Sliding sugar free sales

Posted on 14 January 2013

cavalier

With the green light having been given to stevia in Europe, and with a continued effort to encourage consumers to cut back on sugared products as a weight loss strategy, it would be expected that the time has come for more sugar free chocolate confectionery products to enter the marketplace. But, global launches of low/no/reduced sugar chocolate products fell 19 per cent between 2010 and 2011, and indications of launch activity in the first three quarters of 2012 suggest that the slide is continuing.

The US, Belgium, Spain, and Brazil lead other nations in no/low/reduced chocolate launch activity and efforts in these four countries have been mixed: while the US has seen a significant reduction in launches of low/no/reduced sugar chocolate confectionery, efforts to bring more products with this claim to consumers in Spain and Belgium have been more robust.

 

Belgium takes off with stevia

Stevia is the newest sweetener being used to replace sugar, accounting for a miniscule number of launches since 2010; since EU legislation permitting stevia is a recent development, it is not surprising that the number of products using stevia has increased over the past year. Nonetheless, the ingredient is present in less than one per cent of new chocolate launches.

Belgian manufacturers are leading the way in experiments with stevia as a chocolate confectionery sweetener, accounting for 75 per cent of new stevia sweetened chocolate launches since 2010, the majority of which were introduced in 2012. The US, which is the second biggest market for stevia launches, has introduced just five per cent of new stevia-sweetened chocolate confectionery products.

Stevia is not the only non-sugar sweetener manufacturers are utilising in chocolate confectionery, but it is gaining headlines because of its position as a ‘natural sweetener,’ as opposed to an ‘artificial’ sugar replacement

 

Consumer attitudes

Sugar free chocolate has traditionally been a small market. Consumers have not tended to gravitate towards these products, and since 2010, only two per cent of all chocolate introduced globally has had a low/no/reduced sugar designation.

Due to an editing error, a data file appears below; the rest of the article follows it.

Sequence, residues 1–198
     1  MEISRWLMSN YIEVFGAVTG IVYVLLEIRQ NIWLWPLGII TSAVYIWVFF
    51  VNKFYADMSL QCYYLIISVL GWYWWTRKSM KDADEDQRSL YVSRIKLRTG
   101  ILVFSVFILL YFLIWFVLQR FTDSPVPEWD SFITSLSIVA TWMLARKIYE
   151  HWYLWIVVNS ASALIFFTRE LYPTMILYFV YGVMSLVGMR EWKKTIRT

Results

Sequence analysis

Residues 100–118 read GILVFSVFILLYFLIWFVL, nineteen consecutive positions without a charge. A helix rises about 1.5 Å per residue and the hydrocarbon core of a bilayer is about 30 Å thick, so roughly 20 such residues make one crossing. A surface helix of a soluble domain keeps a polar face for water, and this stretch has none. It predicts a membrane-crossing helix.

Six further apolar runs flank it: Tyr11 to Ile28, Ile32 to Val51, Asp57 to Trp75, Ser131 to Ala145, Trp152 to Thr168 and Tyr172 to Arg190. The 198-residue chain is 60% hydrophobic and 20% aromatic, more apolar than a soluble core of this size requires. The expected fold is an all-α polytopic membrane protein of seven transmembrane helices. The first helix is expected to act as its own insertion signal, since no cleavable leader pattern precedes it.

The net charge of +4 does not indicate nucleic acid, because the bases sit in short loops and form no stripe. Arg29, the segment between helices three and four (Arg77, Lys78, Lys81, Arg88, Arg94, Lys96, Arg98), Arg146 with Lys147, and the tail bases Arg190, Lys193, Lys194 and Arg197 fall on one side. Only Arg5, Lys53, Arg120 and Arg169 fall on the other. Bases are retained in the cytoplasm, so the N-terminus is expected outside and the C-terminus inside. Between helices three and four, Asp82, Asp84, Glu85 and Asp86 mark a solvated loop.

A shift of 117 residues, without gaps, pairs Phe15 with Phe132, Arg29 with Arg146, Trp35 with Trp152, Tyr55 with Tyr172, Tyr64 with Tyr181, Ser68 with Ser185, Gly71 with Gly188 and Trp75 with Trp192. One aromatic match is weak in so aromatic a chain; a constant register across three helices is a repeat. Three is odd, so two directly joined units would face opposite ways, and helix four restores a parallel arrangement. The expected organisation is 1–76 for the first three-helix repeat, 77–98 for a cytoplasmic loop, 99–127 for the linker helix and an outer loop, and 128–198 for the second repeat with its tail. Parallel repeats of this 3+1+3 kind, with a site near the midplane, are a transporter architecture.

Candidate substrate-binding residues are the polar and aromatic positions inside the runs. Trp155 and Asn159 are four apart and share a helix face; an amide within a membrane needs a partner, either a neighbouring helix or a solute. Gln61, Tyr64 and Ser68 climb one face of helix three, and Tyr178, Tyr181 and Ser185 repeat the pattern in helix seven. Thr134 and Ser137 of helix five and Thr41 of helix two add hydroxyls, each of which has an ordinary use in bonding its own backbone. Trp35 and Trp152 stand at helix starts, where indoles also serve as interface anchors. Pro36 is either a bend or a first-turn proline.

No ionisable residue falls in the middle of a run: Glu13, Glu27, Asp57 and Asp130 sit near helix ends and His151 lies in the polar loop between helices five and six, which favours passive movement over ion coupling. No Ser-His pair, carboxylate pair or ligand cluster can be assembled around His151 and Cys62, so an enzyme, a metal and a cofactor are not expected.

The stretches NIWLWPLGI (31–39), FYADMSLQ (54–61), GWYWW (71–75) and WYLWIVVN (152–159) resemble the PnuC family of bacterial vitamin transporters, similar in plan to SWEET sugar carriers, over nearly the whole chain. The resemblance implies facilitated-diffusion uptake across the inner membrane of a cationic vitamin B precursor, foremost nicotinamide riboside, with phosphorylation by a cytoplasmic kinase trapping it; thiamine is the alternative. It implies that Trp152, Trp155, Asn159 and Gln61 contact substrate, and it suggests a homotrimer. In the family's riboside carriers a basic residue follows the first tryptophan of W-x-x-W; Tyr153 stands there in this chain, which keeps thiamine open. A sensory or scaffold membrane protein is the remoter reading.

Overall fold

Sales of sugar free chocolate explain what appears to be manufacturer reluctance to jump into the market, in the US, for example, the small sub-segment (comprising less than two per cent of the $18.2 billion (€13.9bn) US chocolate market), saw sales fall every year since 2007 and is forecasted to continue to slide over the next five years.

Consumer reluctance to buy into the sugar free chocolate category may reflect concern about ‘artificial’ ingredients. In the UK, for example, where sugar free chocolate is a fragment of the market, a third of chocolate consumers “would like to buy chocolate which uses natural sweeteners instead of sugar,” which indicates their desire to find an alternative to sugar, but suggests little interest in products made with artificial sweeteners.

Until stevia or some other ‘natural’ sweetener can deliver on the taste and mouthfeel that consumers associate with regular chocolate, however, it is likely that the sugar free market will remain a small one. Even with all the attention being paid to healthier eating, and to the importance of modifying diets in order to lose or maintain weight, consumers in general do not seem to want to move to the sugar free chocolate currently on the market. In the UK, more than half of chocolate consumers “would cut back on chocolate as part of a healthy eating regime,” suggesting that there is a greater likelihood to cut back on the product than to switch to a sugar free version.

 

By Marcia Mogelonsky, director of Insight at Mintel

 

 

 

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